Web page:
“I don’t see really any similarities between those two teams,” Billups said quickly. “Chris is Top-75, first-ballot [Hall of Fame], top 3, 4, 5 point guards in the history of the game. Book is gonna finish up there as well. Our team, we didn’t have those things.”
Billups, a seven-time All-Star with the Pistons during that era, helped the Pistons make two Finals (won 2004, lost 2005). They had Ben Wallace, the Defensive Player of the Year, in his prime and Rasheed Wallace was a four-time All-Star in his prime.
But none of them were, as Hollinger put it, ‘in their prime’ superstars or first-team All-NBA.
“But we had really good players,” Billups said. “I believe what we did and how we did it, I don’t think is every going to happen again. We didn’t have one max player. Some of us made the All-Star game, but we didn’t have a superstar or anybody you thought was a superstar.”
The same could be said of the Suns, right?
Billups disagrees. “Our teams are totally different from that standpoint.”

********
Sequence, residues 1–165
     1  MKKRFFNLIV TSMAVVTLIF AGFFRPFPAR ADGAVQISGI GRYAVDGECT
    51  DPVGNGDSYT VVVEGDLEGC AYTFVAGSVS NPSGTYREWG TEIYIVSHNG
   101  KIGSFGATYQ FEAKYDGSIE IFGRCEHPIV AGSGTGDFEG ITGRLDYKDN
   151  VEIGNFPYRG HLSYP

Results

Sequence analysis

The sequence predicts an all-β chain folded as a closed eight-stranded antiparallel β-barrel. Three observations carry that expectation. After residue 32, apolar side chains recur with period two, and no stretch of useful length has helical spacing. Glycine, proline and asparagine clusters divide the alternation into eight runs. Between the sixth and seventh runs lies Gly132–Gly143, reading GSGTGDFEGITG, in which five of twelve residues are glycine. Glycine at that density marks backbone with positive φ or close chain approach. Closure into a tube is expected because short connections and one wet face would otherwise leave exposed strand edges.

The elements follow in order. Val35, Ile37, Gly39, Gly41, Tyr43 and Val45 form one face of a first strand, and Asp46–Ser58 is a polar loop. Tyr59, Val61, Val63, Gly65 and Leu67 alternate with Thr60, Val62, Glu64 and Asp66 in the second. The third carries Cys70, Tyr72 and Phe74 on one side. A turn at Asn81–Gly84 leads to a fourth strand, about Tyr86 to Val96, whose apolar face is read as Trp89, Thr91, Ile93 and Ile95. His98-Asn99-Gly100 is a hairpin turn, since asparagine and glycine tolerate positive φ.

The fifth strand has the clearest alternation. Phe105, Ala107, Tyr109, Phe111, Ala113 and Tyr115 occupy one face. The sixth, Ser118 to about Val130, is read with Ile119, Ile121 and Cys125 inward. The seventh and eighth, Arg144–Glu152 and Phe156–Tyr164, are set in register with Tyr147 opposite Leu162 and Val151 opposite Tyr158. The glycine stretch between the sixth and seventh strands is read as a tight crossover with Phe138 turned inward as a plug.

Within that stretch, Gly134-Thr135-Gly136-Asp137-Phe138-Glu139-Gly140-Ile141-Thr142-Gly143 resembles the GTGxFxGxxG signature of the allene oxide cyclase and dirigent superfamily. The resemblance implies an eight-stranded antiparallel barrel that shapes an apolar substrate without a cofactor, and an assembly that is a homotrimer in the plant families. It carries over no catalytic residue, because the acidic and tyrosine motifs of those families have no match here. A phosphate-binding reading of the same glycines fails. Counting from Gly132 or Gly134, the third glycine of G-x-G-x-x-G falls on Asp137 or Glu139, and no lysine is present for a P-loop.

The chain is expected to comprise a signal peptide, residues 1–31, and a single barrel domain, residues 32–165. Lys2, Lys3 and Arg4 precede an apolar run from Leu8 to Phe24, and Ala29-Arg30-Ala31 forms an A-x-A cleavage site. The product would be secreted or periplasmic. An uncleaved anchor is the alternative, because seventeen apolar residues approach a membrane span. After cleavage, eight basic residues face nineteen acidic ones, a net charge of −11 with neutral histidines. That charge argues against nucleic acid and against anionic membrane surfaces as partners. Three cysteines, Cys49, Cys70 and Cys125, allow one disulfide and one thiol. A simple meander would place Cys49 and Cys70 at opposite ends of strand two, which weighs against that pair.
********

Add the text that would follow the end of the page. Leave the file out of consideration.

Chris Paul doesn’t make Hollinger’s cut because he hasn’t been first-team All-NBA... since 2014, isn’t in his prime anymore and only ranks about 15th best in the league today.
Yet Chris Paul IS a superstar. He’s made an All-NBA team 10 of his first 16 seasons so far: first-team four times, second-team five times and third-team once. He’s easily top-40 All-Time in NBA history and has been top-7 in MVP voting 10 times as well.
Devin Booker doesn’t make Hollinger’s cut because he’s not a clear-cut top-10 NBA player yet, not yet in his prime (still just 25 years old) and still only two years removed from being a good-player-bad-team guy.
Yet Devin Booker is a three-time All-Star already, will get some MVP votes this year and likely receive the first of many All-NBA nods. As Billups alludes, he’s only starting a long upward trend of superstardom.
The Suns don’t have that shake-in-your-boots superstar, but Kawhi wasn’t that guy until he won that second ring in Toronto. Steph wasn’t that guy until he won with Golden State’s Hall of Fame lineup.